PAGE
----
Vincent Price worked with Orson Welles' famed Mercury Theatre, starred on Broadway, terrified three generations of children with his roles in Roger Corman's film adaptations of Edgar Allan Poe stories, did the voice-over for Michael Jackson's "Thriller," collected art, devoted himself to gourmet cooking and was perfectly happy to indulge the campier aspects of his public personality. He was a true-blue St. Louisan, accomplished yet humble, talented and urbane. May 27, 2011, marks the centennial of Price's birth, an event that will be celebrated with a massive film retrospective and art shows around his hometown. Vincentennial: The Legacy of Vincent Price is the first of these events, an amuse-bouche to the main course. This exhibition of Price memorabilia is curated by Thomas Stockman and features movie posters and playbills, handwritten notes, his baby shoes, a drawing Price made of actress Helen Hayes, life-size figures of characters he played in his many films and his high school yearbook, because this is St. Louis, goddammit. (Country Day, class of '28, in case you were wondering.) Vincentennial opens with a free public reception from 6 to 8 p.m. Friday, April 22, at the Sheldon Art Galleries (3648 Washington Boulevard; 314-533-9900 or www.thesheldon.org). The gallery is open Tuesday through Saturday, and the show remains up through Saturday, August 6. Admission is free.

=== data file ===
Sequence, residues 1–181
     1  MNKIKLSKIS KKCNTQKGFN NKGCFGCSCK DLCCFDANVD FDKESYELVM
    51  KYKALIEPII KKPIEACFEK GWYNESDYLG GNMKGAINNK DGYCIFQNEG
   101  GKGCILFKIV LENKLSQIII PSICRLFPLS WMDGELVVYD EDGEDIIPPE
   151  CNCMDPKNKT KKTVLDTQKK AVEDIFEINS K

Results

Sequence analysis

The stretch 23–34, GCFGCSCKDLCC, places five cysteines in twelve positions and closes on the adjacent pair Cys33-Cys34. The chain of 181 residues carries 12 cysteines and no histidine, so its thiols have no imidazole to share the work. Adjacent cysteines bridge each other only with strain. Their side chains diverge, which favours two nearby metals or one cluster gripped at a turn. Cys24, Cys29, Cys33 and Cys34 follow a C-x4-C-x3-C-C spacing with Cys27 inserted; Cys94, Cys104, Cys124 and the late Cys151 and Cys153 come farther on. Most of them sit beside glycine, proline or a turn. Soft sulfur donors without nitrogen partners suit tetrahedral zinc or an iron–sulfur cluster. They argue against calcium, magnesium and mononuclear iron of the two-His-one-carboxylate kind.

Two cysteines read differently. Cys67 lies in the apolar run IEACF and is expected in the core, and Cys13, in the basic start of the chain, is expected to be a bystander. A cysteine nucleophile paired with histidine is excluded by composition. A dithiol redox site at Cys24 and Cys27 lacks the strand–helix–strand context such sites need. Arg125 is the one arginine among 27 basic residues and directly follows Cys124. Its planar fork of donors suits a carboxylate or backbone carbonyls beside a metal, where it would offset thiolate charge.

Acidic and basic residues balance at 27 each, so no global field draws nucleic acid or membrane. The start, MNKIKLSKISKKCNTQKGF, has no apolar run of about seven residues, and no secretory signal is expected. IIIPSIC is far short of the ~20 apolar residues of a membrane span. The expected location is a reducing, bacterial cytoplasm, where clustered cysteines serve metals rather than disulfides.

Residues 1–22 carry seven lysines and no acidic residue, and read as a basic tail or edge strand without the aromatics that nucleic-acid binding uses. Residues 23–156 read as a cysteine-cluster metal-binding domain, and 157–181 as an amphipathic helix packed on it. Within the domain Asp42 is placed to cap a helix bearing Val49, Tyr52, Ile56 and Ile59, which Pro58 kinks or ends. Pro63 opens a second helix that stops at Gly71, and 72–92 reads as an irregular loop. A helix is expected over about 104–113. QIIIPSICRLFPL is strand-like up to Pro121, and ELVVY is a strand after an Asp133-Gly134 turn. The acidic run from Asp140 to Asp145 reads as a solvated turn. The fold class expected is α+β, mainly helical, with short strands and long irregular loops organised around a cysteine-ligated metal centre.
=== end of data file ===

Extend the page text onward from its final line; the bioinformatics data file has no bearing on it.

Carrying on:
Tuesdays-Saturdays. Starts: April 22. Continues through Aug. 6, 2011
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